This book is masterfully done, expertly researched, and wonderfully read. The best analysis of the inner workings of Lincoln's presidency and character I have ever read, and I fancy myself a history buff. Lots of paeans to Lincoln have been written, as his was probably the most important presidency in the relatively brief history of the US. What makes this book special is that Goodwin puts Lincoln into context so thoroughly that it becomes easier to understand why he might have acted as he did, and what the consequences of his actions were, not only on events, but on those who came into contact with him. In a time of " me first" politics and politicians (and what times aren't?), Lincoln never let his ego override his objectives. A wonderful character study!
This installment of the Amelia Peabody Emerson adventure/mystery series is funny, moves well, and is completely entertaining, thanks to Barbara Rosenblatt's wonderful narration. My only regrets are **Spoiler Alert ** the absence of Ramses from most of the adventure and the apparent demise of the "Master Criminal". These books are like candy, hard to put down!
This is more like a novella than a full- length book. I picked it up on sale, as much because Davina Porter was the performer as anything else, and I love her narration. The story was charming, if somewhat predictable, and I loved the characters. A quick read!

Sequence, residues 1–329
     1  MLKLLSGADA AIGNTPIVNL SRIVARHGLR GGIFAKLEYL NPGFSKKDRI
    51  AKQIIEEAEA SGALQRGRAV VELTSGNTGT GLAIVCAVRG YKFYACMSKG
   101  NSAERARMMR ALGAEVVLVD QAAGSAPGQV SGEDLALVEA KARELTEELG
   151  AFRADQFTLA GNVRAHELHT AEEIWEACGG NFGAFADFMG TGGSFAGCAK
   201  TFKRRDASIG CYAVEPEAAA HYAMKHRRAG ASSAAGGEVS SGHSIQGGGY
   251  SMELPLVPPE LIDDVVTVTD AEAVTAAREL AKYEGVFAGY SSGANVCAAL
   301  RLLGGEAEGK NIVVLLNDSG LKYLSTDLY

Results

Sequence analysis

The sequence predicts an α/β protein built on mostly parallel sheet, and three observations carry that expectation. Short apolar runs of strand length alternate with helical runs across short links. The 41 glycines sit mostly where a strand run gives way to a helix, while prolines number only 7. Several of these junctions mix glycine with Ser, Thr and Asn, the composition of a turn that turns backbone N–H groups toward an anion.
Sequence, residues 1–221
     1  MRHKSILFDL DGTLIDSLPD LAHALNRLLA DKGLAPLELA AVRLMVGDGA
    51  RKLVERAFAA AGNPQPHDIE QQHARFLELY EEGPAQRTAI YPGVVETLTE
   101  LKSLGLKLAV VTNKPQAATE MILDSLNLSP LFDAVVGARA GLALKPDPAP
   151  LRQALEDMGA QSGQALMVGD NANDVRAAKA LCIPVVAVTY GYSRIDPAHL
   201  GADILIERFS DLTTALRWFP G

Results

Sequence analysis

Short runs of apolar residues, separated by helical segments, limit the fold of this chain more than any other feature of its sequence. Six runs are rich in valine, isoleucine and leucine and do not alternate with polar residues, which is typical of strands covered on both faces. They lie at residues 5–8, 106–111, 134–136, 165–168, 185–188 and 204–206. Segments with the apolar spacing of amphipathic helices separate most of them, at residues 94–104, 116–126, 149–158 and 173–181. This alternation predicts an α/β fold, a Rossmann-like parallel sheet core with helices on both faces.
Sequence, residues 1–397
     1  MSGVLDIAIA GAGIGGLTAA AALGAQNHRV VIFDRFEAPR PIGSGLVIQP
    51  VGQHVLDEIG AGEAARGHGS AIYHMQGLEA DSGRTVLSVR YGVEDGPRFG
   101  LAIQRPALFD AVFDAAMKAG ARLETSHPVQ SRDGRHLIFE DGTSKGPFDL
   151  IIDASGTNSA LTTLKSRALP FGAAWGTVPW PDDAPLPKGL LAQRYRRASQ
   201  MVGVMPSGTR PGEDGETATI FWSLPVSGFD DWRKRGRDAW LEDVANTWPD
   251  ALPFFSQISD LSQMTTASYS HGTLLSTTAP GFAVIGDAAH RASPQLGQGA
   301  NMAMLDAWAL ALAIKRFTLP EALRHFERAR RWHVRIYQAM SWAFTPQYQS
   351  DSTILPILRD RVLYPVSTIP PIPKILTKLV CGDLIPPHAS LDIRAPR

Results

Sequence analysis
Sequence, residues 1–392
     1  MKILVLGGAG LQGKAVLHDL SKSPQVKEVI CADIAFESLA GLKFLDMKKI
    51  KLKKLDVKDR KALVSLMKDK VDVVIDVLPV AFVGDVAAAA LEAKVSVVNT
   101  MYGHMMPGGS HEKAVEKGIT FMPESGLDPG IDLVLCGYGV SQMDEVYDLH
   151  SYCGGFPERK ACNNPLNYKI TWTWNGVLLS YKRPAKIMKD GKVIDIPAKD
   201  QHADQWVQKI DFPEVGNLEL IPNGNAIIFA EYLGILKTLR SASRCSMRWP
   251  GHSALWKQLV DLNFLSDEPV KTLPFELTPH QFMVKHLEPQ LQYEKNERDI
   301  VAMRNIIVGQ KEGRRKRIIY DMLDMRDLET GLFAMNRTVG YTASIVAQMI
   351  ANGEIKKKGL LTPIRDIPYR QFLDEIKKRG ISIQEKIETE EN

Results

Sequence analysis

As a fan of Bryan Sykes' earlier book, The Seven Daughters of Eve, I expected to find this book fascinating, and it was.
I read this book years ago, but listening to it made an even bigger impression. The narrator captured both the brutality and the grandeur of Ancient Rome, and wove what we know from history (via the accounts of Pliny), geology (the history of Vesuvius and the remains of the Roman aqueducts), and archaeology (from the excavations of Pompeii and Herculaneum) into a credible story that made the destruction of Pompeii and the loss of life there much more immediate than the re-telling of the story itself suggests.. Any history buff will love this.